Nuclear material discovery at Fukushima could eradicate radiation risk
Nuclear fuel debris has possibly been found under the wreckage of Japan’s Fukushima nuclear plant according to its operator Tokyo Electric Power (Tepco).
The probable location of the material is underneath the damaged No. 2 reactor which was one of three that experienced meltdowns in the 2011 disaster.
Should the finding be confirmed, it would mark a significant breakthrough in attempts to clean up the nuclear plant, after years of delays, mis-steps and leaks of radioactive water.
In December it was revealed that the total cost of cleaning up after the disaster was predicted to be double the original estimates at 22.6tr yen (£151bn).
Finding the highly radioactive melted uranium rods may pave the way for Tepco to develop methods to remove the melted fuel.
Tepco detected a black lump of material directly [pictured] below the reactor in an inspection by camera on Monday morning, but cannot yet confirm what it is, a spokesman said.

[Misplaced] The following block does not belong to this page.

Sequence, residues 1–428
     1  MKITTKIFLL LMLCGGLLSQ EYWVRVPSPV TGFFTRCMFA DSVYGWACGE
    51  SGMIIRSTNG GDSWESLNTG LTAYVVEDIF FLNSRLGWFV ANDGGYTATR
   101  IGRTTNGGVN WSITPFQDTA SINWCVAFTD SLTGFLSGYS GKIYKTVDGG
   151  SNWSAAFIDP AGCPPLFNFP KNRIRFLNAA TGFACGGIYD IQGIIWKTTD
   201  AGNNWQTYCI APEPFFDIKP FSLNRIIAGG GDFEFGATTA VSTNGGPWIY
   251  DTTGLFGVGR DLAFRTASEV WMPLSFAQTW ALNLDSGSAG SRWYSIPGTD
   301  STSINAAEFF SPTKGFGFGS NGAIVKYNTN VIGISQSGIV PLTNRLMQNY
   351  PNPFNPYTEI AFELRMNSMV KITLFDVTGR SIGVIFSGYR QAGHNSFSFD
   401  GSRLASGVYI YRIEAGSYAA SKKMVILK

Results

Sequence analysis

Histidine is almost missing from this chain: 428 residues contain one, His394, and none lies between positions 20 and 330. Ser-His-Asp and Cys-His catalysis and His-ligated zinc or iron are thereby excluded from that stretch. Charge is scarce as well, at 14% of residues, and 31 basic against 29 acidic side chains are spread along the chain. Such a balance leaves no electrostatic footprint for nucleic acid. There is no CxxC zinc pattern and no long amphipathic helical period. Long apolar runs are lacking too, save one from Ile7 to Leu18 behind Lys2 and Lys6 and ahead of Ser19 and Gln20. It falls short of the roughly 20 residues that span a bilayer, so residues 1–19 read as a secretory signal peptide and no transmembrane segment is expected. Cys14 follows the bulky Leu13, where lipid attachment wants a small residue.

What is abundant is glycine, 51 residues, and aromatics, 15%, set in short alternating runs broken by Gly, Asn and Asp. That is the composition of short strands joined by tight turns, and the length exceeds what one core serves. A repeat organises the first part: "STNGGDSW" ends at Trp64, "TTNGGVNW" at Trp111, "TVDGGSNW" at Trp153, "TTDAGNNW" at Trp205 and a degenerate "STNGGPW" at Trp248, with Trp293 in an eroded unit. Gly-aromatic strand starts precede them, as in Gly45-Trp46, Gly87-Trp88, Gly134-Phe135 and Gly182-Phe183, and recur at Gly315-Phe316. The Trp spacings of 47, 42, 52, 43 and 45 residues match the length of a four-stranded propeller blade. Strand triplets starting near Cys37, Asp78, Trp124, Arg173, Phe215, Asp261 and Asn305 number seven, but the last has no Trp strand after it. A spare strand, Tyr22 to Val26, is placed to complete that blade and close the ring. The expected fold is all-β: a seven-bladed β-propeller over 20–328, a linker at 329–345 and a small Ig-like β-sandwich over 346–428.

In the world’s worst nuclear calamity since Chernobyl in 1986, three reactors at Tepco’s Fukushima plant melted down after a magnitude nine earthquake struck off the coast of Japan in March 2011, triggering a tsunami that devastated a large area and killed more than 15,000 people.
About 160,000 people fled their homes after the meltdowns caused explosions that dumped radioactive materials across a swath of Fukushima prefecture. Many of the people are unlikely to return.
It took Tepco about two months to admit the reactors had melted down, confirming what experts had been saying for weeks.
Tepco has made some progress, such as removing hundreds of spent fuel rods in one of the damaged buildings. However, it has failed to establish the location of the melted fuel rods in the other three damaged reactors at the plant.
The utility has been developing robots that can swim under water and negotiate obstacles in damaged tunnels and piping to search for the melted fuel rods. As soon as the robots get close to the reactors, the radiation destroys their wiring and renders them useless.
Plans to remove spent nuclear fuel located high in the damaged building of the No. 3 reactor have reportedly been delayed again.